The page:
Late-Night Hosts Slam Trump, Demand Gun Control in Wake of Texas Church Massacre
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"Of course the person who did this was mentally ill -- that is the issue," Meyers says Monday night. "It is too easy for mentally ill people to get their hands on dangerous weapons."

Late-night comedians put the jokes on pause Monday night to address the recent Texas church shooting.

A man named Devin Kelley opened fire inside First Baptist Church in Sutherland Springs on Sunday, killing 26 people and leaving 20 more injured, which, as Stephen Colbert pointed out, took place only 35 days after the Las Vegas shooting. James Corden added that Sunday's massacre has become the biggest mass shooting in a place of worship in U.S. history.

Seth Meyers took the opportunity to slam both President Donald Trump and Congress for their "transparent covering for the NRA" and asked POTUS to simply keep his mouth shut next time a tragedy strikes our country.

"Today, President Trump said that the shooting was an issue of 'mental health,' not 'a gun situation,'" the "Late Night" host said after his opening monologue. "Hey, if what happened yesterday wasn't a gun situation then I have to ask: What would be a gun situation? Look, we know you and most of Congress are soaked in NRA money, and you have no intention of doing anything about guns, but we also know you're not gonna do anything about mental health, so when these tragedies happen, could you just not say anything, either?"

"If we're gonna be constantly sickened by mass shootings, could you at least spare us of having to be further sicked by your transparent covering for the NRA and the assault weapons manufacturers?" he continued. "Yes, of course, the person who did this was mentally ill -- that is the issue. It is too easy for mentally ill people to get their hands on dangerous weapons, but if you are in a position to help stop that and you don't do anything, how can you claim your mental health is any better?"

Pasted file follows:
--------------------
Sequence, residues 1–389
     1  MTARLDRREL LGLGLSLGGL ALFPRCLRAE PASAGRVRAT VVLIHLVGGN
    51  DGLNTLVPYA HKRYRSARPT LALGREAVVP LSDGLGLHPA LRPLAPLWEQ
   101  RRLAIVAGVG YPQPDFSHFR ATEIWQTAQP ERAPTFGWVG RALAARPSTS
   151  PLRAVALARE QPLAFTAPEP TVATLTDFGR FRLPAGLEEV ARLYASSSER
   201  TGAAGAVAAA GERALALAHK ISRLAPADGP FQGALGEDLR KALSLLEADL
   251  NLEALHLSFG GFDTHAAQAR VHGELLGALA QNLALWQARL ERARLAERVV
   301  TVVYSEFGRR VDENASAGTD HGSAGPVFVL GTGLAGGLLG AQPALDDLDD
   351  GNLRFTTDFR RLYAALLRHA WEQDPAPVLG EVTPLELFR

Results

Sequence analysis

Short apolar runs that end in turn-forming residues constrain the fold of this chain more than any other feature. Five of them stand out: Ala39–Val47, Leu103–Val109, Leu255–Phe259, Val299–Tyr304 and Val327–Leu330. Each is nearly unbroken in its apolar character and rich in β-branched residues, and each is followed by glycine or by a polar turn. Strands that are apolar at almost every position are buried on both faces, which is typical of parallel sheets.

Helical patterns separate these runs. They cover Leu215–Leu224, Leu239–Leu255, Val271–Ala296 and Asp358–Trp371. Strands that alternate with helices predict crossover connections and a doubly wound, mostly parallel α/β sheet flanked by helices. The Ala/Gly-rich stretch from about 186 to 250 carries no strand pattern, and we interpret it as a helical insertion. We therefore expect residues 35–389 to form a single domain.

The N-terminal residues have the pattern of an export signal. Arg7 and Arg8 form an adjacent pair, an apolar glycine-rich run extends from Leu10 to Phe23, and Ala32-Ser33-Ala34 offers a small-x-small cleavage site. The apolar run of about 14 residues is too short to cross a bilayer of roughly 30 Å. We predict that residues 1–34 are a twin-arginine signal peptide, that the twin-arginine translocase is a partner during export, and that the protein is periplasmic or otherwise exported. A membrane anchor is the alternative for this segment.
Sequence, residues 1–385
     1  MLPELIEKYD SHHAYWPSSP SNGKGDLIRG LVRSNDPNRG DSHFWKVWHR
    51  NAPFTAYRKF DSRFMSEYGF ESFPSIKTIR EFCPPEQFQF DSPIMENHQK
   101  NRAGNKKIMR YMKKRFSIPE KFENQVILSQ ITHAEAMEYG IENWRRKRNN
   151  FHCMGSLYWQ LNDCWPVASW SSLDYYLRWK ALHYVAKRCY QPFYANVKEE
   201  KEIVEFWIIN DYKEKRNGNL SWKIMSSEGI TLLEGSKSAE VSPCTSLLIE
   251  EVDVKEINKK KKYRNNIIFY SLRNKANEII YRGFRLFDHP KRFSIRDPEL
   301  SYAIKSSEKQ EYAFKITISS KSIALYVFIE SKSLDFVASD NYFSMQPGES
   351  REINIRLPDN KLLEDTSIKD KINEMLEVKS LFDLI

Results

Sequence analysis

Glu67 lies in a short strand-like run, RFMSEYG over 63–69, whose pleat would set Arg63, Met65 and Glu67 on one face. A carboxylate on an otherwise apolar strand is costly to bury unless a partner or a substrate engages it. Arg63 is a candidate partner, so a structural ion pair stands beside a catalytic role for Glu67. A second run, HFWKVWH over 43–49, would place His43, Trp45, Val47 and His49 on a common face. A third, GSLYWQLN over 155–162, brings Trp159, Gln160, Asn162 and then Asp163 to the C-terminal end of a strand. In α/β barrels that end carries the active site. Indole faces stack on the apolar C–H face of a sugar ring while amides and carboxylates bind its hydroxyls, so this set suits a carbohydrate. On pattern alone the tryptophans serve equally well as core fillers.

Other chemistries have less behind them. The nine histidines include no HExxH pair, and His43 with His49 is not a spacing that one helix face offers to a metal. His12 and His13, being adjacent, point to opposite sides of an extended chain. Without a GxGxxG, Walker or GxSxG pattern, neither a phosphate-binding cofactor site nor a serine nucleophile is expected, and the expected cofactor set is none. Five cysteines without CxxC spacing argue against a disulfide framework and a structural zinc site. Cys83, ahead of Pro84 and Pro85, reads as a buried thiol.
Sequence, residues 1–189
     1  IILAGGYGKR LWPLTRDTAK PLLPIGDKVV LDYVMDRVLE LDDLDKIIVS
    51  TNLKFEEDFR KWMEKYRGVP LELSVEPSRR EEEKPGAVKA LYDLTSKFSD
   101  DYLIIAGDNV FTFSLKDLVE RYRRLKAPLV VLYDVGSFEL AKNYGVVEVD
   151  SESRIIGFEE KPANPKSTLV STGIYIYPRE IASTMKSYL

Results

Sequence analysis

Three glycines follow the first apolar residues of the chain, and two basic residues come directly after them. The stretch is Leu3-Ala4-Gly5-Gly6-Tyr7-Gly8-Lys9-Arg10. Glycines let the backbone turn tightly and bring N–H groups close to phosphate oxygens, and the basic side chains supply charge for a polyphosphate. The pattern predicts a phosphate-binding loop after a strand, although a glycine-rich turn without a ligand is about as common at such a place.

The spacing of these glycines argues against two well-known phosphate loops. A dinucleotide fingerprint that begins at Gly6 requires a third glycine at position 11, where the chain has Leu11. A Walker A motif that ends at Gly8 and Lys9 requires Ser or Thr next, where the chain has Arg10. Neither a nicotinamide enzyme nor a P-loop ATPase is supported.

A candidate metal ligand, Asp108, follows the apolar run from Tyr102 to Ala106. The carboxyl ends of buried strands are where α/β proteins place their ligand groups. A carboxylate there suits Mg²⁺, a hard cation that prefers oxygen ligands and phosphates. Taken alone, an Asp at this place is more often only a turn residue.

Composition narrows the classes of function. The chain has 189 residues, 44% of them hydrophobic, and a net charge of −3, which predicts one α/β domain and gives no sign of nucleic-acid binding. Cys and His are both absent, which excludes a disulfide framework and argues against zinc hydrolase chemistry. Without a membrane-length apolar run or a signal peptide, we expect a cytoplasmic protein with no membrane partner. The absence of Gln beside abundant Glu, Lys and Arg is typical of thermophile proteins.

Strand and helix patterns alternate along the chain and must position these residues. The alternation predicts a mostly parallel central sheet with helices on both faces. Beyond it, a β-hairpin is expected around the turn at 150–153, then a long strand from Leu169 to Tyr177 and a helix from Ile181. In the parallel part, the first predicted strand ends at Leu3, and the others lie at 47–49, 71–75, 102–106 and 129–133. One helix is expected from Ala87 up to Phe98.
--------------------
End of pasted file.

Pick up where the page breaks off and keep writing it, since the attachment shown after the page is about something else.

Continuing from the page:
See what Colbert and Corden had to say about the massacre below.

'The Late Show with Stephen Colbert'

"I haven't the slightest idea how to adequately address the attack in Sutherland Springs, Texas, yesterday," Colbert began. "People, on a Sunday, going to love and serve the Lord, gunned down by a madman with a semiautomatic weapon and body armor."

"Everyone is heartbroken when this happens, and you want to do something, but nothing gets done," he continued. "No one does anything. And that seems insane. And it can make you feel hopeless. Now, I don't know what to do, but I know that hopelessness is not the answer. You cannot give up in the face of evil."

The "Late Show" host used a hypothetical metaphor of a tiger coming in and attacking a village every day, saying that the people of the village "wouldn't do nothing."

"You would move the village, you would build a fence or you would kill the tiger," he said, adding that "doing nothing is unacceptable, unnatural and inhuman."

"It's a vicious cycle," Colbert continued. "Violence happens, nothing gets done to get rid of the guns, and people buy more guns to protect themselves, and now there are just more guns out on the streets. And, yes, this guy wasn't supposed to be able to buy a gun, but he could because they're on the market -- these semiautomatic rifles."

Colbert also urged people to "go vote in 2018. Vote for someone who will do something because this is an active evil, and the only thing necessary for evil to succeed is for good men to do nothing."

'The Late Late Show with James Corden'

"It pains us each time when we sit here and talk about innocent people needlessly slaughtered," the "Late Late Show" host began. "We can't imagine the pain and hurt that those families and community feels today. Our hearts are with all of you."

Corden said he was amazed "that these shootings are so common in America that we now have a ranking system depending on the location of these tragedies. And what can we say? Nothing. Nothing we didn't say 35 days ago when this happened in Las Vegas or the time before that or the time before that. And it was too early to talk gun control after Vegas, and now, the president says it's too early to talk gun control after Sutherland Springs. And once again, though, it's too late for the victims."

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